Top Twelve Pregnancy Pointers
Don't put off
for tomorrow what you absolutely must do today. Try
to have at least your first prenatal checkup before
you travel. Your doctor or midwife is the best person
to consult with regarding your upcoming journey.
You should check
your airlines' rules about pregnant passengers before
you book your ticket. Most airlines will allow you
to fly up to the 35th or 36th week of your pregnancy,
providing you're healthy and there is no previous
history of premature labour. However rules do vary
so it makes sense to re-check at the time of booking.
You could also be asked to supply a letter from your
doctor verifying the stage of your pregnancy. It's
a good idea to carry this document along with your
other important travel papers.
Check your travel
insurance policy carefully to make sure that you'll
be covered for all eventualities. Most policies don't
automatically cover pregnancy-related conditions or
nursery care for premature infants.
Most, but not
all, vaccines are considered safe during pregnancy.
Once your pregnancy is confirmed, you'll require special
advice. In Canada, an organization called Motherisk
will answer any questions you might have about appropriate
drugs and immunization. Call (416) 813-6780 or visit
their website at: http://www.motherisk.org.
In the United States, pregnant women traveling to
less developed countries should consult the The Centers
for Disease Control and Prevention (CDC) at (404)
639-3311 or http://www.cdc.gov/travel
on the web for country-specific information.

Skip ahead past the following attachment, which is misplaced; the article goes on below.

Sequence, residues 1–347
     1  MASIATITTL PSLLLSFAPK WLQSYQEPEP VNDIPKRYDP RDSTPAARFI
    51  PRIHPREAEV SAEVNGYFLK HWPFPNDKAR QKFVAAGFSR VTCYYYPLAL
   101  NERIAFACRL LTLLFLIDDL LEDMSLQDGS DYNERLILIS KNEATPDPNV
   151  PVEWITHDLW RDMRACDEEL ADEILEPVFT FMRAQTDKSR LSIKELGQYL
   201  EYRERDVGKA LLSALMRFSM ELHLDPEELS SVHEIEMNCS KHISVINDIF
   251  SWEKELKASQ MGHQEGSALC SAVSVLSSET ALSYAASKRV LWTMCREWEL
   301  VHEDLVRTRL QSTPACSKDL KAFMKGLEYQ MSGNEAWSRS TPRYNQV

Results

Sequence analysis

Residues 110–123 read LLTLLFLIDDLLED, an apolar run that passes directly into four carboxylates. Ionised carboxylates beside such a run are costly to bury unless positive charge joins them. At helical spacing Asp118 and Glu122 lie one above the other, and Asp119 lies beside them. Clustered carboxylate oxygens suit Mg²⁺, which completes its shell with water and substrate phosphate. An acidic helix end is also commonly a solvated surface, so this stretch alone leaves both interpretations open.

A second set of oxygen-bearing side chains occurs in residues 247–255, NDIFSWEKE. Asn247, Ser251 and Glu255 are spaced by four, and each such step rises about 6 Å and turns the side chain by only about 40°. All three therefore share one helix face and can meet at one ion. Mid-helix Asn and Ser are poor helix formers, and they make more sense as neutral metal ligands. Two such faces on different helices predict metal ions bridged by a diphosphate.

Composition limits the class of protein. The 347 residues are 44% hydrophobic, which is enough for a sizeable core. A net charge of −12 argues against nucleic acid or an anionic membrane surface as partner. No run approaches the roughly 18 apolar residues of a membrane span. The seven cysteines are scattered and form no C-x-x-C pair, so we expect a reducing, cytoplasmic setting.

avoid travelling in malarial zones. Even while taking
anti-malarial drugs, pregnant women are more liable
to catch the disease, and the illness tends to be
Dreaming of finally
climbing that mountain? Especially if you're in the
first trimester of your pregnancy, avoid high-altitude
destinations, where oxygen to the fetus could be decreased.
Dr. Jane Wilson Howarth in her book, Bugs, Bites and
Bowels, the safest time to travel seems to be during
the second three months of pregnancy. Providing your
pregnancy has been problem-free, the risk of miscarriage
will be small and there is little chance of early
labour or other complications.
When planning your holiday, avoid too hectic a pace.
It's very wise to build in extra rest stops while
you're on the road. Remember, your body is busy nurturing
a baby, and the extra effort of travel makes it work
It isn't always
easy to eat properly when travelling. Constipation
can become a problem, especially if you're taking
iron supplements. Try to eat plenty of high-fiber
foods, like fruits and vegetables.
Where the quality
of water supplies is less than perfect, the pregnant
traveller should avoid using iodine to purify her
water. Iodine could have an adverse effect on the
countries, pasteurized milk is often difficult to
find. You should take powdered milk with you if you
want to ensure that you get enough calcium. It can
be mixed into or sprinkled over most foods.
For coping with
morning sickness, ginger is an excellent remedy. Crystallized
forms can be found in the baking section of most supermarkets.
Otherwise, raw root ginger can be found just about
anywhere in the world, and can be grated into your
food in small amounts.